That being said, should any books be banned? Let’s be honest, I wouldn’t be comfortable knowing that there were detailed how-to books on kidnapping kids or making dirty bombs in wide circulation. But in the end, it’s not the books we need to banish or change. It’s the motivations and intentions, the hearts of those who write them and those who are influenced by them.

And that, I think, we choose to avoid because it’s a far harder task. After all, one takes courage, patience, a lot of sacrifice, and sometimes, most of a lifetime. The other takes a loud voice and friends in high places. Oh, and a good bonfire never hurt.

Easy choice, isn’t it?

This is the first post for Banned Books Week on Magnificent Nose. Tomorrow’s post will be Kathleen: To Kill a Mockingbird.

Leanne Yong is an aspiring Aussie author who is working on her second young adult novel. Check out her blog at Clouded Memories for more information and a journal chronicling her latest foray into novel writing.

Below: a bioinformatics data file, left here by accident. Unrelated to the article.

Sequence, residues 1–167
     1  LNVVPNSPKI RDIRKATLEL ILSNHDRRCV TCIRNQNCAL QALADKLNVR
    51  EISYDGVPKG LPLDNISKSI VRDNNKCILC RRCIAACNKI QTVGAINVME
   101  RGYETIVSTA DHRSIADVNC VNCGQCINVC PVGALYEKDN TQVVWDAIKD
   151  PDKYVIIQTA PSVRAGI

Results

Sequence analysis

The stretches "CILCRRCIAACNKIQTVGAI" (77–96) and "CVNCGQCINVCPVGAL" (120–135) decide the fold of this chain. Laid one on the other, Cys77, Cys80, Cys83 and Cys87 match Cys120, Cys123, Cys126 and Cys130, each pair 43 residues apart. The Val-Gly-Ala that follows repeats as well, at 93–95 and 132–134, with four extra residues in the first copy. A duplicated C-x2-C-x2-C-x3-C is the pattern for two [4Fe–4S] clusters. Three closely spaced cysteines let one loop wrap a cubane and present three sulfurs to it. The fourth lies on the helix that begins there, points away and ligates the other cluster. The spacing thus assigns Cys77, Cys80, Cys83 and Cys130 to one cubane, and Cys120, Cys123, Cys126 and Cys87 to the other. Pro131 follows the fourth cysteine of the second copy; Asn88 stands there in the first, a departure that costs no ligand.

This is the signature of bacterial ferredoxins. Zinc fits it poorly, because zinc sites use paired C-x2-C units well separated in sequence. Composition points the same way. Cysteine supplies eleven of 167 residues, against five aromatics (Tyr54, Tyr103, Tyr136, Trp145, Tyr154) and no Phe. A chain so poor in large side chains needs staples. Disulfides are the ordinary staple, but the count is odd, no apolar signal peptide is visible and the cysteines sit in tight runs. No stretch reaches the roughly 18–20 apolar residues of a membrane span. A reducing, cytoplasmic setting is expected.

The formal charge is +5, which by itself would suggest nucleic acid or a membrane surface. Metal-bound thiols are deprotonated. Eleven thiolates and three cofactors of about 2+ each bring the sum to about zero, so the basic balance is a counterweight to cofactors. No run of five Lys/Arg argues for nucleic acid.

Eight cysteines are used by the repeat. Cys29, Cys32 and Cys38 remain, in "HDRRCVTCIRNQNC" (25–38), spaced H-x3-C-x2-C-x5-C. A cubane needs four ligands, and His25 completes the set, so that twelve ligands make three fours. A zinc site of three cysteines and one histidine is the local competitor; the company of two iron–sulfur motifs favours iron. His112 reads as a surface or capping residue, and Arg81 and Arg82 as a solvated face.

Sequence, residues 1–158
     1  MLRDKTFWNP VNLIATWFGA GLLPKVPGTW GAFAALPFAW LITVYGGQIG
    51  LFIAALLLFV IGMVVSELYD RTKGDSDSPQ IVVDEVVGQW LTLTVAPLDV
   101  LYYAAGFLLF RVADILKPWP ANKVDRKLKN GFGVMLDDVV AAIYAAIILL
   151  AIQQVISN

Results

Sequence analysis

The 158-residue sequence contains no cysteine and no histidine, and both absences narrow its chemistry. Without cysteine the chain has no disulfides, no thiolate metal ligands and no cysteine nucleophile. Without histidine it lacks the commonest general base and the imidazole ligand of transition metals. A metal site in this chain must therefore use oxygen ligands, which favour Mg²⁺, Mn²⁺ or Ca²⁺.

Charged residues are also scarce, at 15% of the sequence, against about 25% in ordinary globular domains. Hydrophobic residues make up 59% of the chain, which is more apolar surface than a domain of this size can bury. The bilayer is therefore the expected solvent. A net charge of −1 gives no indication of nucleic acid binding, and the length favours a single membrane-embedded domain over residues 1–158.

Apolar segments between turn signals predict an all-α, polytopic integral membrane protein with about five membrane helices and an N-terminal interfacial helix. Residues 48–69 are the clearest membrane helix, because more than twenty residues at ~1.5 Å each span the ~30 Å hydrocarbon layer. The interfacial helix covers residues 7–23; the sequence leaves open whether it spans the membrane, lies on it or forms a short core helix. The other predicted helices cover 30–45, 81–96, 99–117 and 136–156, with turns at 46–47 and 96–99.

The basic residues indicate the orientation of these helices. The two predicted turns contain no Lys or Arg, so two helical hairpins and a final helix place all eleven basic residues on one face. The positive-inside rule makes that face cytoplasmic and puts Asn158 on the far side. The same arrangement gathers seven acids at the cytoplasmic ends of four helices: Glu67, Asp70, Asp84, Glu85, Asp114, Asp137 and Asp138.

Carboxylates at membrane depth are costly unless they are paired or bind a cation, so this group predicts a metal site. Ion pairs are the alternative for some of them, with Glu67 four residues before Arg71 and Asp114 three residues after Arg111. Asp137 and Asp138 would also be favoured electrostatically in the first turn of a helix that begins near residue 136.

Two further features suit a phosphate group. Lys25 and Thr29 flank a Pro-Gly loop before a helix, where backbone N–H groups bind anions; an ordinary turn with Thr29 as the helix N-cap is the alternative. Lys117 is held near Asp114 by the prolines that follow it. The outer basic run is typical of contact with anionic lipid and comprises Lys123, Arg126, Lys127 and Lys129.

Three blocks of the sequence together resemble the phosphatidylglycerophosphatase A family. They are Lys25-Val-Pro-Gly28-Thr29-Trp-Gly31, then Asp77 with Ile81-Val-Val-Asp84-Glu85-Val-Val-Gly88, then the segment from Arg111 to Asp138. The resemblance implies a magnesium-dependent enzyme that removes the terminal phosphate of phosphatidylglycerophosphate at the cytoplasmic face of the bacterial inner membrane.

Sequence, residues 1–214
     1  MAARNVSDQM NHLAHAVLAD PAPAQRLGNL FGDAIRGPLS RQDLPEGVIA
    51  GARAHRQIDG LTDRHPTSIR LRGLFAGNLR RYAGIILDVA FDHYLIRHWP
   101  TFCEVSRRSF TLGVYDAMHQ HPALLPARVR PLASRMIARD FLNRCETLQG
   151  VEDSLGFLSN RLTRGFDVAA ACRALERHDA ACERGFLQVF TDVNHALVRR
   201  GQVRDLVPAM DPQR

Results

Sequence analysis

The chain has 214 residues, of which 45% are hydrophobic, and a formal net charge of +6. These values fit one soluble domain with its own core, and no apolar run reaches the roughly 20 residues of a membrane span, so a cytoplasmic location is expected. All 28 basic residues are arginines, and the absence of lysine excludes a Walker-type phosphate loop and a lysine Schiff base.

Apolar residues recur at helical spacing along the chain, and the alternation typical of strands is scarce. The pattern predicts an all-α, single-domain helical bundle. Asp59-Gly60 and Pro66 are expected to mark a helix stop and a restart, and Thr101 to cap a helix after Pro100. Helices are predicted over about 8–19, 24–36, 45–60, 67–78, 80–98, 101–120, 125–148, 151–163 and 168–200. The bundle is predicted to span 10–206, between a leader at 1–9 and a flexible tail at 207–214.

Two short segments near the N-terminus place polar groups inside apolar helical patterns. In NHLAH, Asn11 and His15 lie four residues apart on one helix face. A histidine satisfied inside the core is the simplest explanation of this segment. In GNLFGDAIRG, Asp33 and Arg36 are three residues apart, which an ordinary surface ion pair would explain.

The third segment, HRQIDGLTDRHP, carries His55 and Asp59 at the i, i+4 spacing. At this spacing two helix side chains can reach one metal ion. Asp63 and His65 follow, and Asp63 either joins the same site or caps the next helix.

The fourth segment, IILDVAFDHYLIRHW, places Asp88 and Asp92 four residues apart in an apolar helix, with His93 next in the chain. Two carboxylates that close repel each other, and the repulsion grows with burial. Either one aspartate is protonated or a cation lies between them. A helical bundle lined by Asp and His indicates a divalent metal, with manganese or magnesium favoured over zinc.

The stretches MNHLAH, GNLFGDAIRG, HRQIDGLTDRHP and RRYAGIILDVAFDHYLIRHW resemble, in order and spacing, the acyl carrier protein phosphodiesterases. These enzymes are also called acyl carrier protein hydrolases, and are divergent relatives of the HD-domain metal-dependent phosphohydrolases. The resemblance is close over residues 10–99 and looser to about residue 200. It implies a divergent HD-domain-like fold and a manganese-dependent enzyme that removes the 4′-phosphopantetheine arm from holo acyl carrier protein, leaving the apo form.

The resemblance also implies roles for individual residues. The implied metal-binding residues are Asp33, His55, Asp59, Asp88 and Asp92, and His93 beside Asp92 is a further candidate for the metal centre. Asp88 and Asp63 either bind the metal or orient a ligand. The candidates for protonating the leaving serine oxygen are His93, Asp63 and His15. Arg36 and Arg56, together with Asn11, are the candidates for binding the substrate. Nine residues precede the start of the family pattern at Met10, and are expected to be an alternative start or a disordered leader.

Photo by Stéfan, via Flickr.


2 thoughts on “Leanne: The Fear of Monsters

  1. Nice article. Like you said, books are just a medium. There is no point banning the medium because of the content; we face the same dilemma with Radio, Television, Websites and Post-It Notes shot through a classroom as an origami plane. Censorship is an ineffective/incomplete way to solve this issue; the better strategy is for the mature, educated adults to work with the children/uneducated through the controversial content should they come across it, as they are the ones most easily influenced, mistaught and mislead.